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MARKER DATABASE
“Bite-Size Bits of Local, National, and Global History”
“Bite-Size Bits of Local, National, and Global History”
Chester in Windsor County, Vermont — The American Northeast (New England)
 

Hugh Henry Family Homestead

 
 
Hugh Henry Family Homestead Marker image. Click for full size.
By Dennis Gilkenson, October 3, 2021
1. Hugh Henry Family Homestead Marker
Inscription.  
This homestead represents over two centuries of residency by the Hugh Henry family. The main house was built for Thomas Kimball c.1780 during the Federal architectural period with a Georgian plan. In 1803, Hugh Henry (1767-1847) of Acworth, N.H. purchased the imposing house; he was a merchant, innkeeper, land dealer, and private banker. His only son, Hugh Horatio Henry (1814-69), was a nominal farmer, banker, Chester Academy president, State senator, U.S. Marshal, Vermont Valley Railroad founder/president, and abolitionist champion of Abraham Lincoln at the 1860 Republican Convention. His successes and large family led to the c.1860 addition to the house of a large ell plus fashionable Greek Revival ornament.

The third resident Hugh Henry (1838-1920) was a lawyer and Judge of Probate, State senator, bank president, Vermont G.A.R. commander, Vermont Soldiers’ Home board president, and vice president of the Vermont Valley Railroad. In 1898, President McKinley appointed him to serve as U.S. Pension Agent. One of his five sisters, Clara Henry (1843-99) augmented the homestead in 1890 with the building of the adjacent cottage designed
Hugh Henry Family Homestead Marker image. Click for full size.
By Dennis Gilkenson, October 3, 2021
2. Hugh Henry Family Homestead Marker
( back )
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in Gothic Revival form with Queen Anne stylistic features. The fourth Hugh Henry (1883-1964) moved into the cottage in 1910, and added a large rear wing the following year. After the sale in 1965 of the main house, the cottage became the residence of the fifth and sixth Hugh Henrys.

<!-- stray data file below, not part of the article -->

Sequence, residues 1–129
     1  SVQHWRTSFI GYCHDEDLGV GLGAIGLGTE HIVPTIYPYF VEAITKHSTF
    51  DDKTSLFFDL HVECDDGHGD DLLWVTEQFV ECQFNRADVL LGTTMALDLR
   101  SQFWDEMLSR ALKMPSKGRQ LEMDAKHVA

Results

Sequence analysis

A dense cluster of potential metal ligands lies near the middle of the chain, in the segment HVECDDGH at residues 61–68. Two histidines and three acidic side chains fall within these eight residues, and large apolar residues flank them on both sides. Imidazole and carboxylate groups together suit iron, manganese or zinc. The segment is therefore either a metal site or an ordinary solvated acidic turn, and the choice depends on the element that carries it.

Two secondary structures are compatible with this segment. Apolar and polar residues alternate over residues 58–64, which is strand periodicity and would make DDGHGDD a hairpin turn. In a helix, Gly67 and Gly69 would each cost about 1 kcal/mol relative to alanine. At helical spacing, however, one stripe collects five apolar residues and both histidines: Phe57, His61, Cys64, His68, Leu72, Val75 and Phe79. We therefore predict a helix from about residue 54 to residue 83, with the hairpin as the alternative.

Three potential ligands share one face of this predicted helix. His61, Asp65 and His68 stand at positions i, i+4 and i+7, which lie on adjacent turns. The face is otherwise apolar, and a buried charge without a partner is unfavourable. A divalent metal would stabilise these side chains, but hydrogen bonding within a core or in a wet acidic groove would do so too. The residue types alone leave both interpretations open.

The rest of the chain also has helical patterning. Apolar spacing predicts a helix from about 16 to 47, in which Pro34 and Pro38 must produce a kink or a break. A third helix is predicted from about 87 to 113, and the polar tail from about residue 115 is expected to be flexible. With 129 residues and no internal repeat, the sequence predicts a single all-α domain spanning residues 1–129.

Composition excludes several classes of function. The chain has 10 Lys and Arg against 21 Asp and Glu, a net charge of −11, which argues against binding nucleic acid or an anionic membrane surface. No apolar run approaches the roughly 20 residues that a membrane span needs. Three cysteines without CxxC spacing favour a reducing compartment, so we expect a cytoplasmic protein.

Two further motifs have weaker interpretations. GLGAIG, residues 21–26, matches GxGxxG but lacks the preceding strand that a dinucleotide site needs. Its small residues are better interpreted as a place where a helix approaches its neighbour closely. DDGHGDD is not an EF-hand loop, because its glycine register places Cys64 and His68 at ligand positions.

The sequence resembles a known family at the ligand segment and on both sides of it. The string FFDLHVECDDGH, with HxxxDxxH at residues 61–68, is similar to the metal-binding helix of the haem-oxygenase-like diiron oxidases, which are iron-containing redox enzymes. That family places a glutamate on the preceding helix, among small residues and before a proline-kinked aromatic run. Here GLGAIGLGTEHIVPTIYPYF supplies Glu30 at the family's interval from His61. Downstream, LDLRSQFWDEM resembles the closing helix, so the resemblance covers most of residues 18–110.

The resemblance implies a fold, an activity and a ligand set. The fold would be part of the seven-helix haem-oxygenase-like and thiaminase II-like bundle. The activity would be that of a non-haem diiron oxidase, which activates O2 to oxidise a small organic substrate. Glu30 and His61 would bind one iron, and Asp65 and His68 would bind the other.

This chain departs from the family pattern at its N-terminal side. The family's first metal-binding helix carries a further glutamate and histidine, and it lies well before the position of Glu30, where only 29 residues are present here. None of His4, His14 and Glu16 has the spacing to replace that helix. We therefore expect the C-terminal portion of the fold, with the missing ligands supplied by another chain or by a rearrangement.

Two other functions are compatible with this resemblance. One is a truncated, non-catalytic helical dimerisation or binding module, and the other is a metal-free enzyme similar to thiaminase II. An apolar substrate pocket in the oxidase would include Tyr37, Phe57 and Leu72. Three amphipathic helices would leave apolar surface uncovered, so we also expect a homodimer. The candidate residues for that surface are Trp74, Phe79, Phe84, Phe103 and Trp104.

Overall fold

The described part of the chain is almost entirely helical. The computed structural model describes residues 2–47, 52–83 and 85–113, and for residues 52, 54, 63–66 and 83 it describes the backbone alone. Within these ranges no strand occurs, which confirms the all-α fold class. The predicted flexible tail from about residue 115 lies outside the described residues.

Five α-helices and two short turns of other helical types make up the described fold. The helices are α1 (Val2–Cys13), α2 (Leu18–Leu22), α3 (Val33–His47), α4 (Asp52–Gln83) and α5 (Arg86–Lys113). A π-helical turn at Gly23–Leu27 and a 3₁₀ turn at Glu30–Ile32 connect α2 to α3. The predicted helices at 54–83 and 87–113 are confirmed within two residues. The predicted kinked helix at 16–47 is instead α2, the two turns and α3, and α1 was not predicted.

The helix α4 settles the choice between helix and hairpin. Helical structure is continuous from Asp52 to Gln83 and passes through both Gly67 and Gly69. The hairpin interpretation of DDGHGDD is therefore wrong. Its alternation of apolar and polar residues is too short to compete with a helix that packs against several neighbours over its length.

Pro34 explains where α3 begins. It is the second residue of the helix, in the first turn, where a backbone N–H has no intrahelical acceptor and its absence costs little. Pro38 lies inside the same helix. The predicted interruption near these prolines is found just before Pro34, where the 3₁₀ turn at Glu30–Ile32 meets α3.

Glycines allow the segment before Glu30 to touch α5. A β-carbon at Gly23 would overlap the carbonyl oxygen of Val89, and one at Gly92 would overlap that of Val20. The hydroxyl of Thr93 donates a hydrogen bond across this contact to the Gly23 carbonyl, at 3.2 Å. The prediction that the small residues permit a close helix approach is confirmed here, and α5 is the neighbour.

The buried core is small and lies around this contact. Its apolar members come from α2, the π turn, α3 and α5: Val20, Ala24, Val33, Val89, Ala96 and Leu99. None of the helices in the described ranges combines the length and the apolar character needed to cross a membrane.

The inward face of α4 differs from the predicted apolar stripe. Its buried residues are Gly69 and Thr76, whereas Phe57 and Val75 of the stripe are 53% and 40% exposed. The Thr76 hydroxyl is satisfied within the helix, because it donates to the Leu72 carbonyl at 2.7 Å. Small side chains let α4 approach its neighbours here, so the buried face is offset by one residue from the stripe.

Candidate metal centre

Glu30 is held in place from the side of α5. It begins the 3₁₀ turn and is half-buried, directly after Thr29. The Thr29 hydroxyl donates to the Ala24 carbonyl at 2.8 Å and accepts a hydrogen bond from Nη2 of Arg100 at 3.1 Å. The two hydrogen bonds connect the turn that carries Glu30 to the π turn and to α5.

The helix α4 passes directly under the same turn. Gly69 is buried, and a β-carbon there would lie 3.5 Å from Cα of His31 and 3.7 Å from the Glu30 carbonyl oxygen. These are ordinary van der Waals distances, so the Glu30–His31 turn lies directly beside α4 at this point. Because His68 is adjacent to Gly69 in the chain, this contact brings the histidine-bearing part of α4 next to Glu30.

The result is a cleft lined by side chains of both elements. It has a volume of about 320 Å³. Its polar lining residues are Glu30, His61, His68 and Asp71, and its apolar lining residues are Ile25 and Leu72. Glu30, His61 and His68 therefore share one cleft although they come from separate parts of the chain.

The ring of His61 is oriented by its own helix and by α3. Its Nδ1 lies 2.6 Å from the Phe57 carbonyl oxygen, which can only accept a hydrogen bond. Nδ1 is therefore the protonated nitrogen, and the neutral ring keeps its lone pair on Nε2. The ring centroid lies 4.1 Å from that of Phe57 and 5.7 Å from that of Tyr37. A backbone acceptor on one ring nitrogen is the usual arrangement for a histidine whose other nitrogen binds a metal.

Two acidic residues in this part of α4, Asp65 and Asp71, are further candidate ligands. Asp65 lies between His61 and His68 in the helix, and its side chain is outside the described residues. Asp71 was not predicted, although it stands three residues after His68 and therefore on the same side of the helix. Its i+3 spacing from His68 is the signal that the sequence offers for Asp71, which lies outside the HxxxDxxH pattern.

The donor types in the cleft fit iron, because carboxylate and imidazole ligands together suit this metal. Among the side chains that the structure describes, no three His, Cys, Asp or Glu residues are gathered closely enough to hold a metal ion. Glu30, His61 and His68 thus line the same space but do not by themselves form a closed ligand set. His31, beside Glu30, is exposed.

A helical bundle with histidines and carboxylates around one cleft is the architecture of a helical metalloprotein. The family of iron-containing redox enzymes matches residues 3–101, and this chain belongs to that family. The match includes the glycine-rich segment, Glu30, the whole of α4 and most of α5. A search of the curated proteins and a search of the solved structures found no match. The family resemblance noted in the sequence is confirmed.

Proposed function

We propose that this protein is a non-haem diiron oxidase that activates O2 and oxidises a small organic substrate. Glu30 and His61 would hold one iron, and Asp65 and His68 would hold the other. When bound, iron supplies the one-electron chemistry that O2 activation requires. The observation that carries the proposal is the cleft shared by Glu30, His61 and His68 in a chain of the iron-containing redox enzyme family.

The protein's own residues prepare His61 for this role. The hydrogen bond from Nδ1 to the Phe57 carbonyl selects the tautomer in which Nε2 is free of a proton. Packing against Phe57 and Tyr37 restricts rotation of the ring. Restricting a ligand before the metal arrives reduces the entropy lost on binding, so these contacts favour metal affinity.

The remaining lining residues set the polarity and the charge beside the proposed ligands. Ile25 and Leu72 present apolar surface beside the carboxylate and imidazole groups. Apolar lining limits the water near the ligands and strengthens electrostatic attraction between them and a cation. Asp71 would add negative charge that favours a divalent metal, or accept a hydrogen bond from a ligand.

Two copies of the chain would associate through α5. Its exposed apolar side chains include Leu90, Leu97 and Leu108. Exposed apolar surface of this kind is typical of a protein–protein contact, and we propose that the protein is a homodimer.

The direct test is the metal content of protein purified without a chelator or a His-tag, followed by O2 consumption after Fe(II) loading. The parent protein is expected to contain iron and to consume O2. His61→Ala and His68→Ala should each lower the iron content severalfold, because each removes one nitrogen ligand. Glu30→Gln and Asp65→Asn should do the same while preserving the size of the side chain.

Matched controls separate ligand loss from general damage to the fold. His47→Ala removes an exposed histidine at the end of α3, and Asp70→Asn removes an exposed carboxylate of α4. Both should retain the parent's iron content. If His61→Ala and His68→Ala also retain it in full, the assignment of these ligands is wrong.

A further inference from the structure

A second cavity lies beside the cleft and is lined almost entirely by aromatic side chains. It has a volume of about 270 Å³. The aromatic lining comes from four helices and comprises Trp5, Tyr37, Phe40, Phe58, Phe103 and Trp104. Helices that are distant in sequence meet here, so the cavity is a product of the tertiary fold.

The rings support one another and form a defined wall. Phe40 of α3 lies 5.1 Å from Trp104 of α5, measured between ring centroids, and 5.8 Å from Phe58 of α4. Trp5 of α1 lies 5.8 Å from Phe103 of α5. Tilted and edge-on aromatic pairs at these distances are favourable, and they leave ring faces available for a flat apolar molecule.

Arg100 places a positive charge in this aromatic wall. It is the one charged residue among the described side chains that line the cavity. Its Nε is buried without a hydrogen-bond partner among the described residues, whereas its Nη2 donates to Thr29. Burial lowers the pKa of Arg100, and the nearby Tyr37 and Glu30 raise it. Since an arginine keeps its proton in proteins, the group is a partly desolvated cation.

Erected 2021 by Vermont Division for Historical Preservation and Hugh Henry Family.
 
Topics. This historical marker is listed in these topic lists: Abolition & Underground RRArchitectureColonial EraSettlements & Settlers. A significant historical year for this entry is 1780.
 
Location. 43° 15.51′ N, 72° 34.62′ W. Marker is in Chester, Vermont, in Windsor County. Marker is on Green Mountain Turnpike south of Pleasant Street, on the left when traveling south. Touch for map. Marker is at or near this postal address: 2148 Green Mountain Turnpike, Chester VT 05143, United States of America. Touch for directions.
 
Other nearby markers. At least 8 other markers are within 4 miles of this marker, measured as the crow flies. Chester Depot (approx. 0.9 miles away); Chester World War I and II and Korean Conflict Monument (approx. 1.1 miles away); Chester Vietnam Conflict Monument (approx. 1.2 miles away); Chester Civil War Memorial (approx. 1.2 miles away); Merritt Austin Edson (approx. 1.2 miles away); Chester Academy / District No. 20 Central School
Hugh Henry Family Homestead Front image. Click for full size.
By Dennis Gilkenson, October 2, 2021
3. Hugh Henry Family Homestead Front
(approx. 1.2 miles away); North Chester (approx. 1.4 miles away); Stellafane Observatory (approx. 3.2 miles away). Touch for a list and map of all markers in Chester.
 
Regarding Hugh Henry Family Homestead. The Hugh Henry Family Homestead is now the Franklyn Farm Inn.
 
Also see . . .  Franklyn Farm Inn. (Submitted on October 14, 2021, by Michael Herrick of Southbury, Connecticut.)
 
Hugh Henry Family Homestead Side Addition image. Click for full size.
By Dennis Gilkenson, October 3, 2021
4. Hugh Henry Family Homestead Side Addition
Hugh Henry Family Adjacent Cottage image. Click for full size.
By Dennis Gilkenson, October 3, 2021
5. Hugh Henry Family Adjacent Cottage
Wide View of Hugh Henry Family Homestead Marker image. Click for full size.
By Dennis Gilkenson, October 3, 2021
6. Wide View of Hugh Henry Family Homestead Marker
 
 
Credits. This page was last revised on October 14, 2021. It was originally submitted on October 5, 2021, by Dennis Gilkenson of Saxtons River, Vermont. This page has been viewed 23 times since then. Photos:   1, 2, 3, 4, 5, 6. submitted on October 5, 2021, by Dennis Gilkenson of Saxtons River, Vermont. • Michael Herrick was the editor who published this page.

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Dec. 4, 2021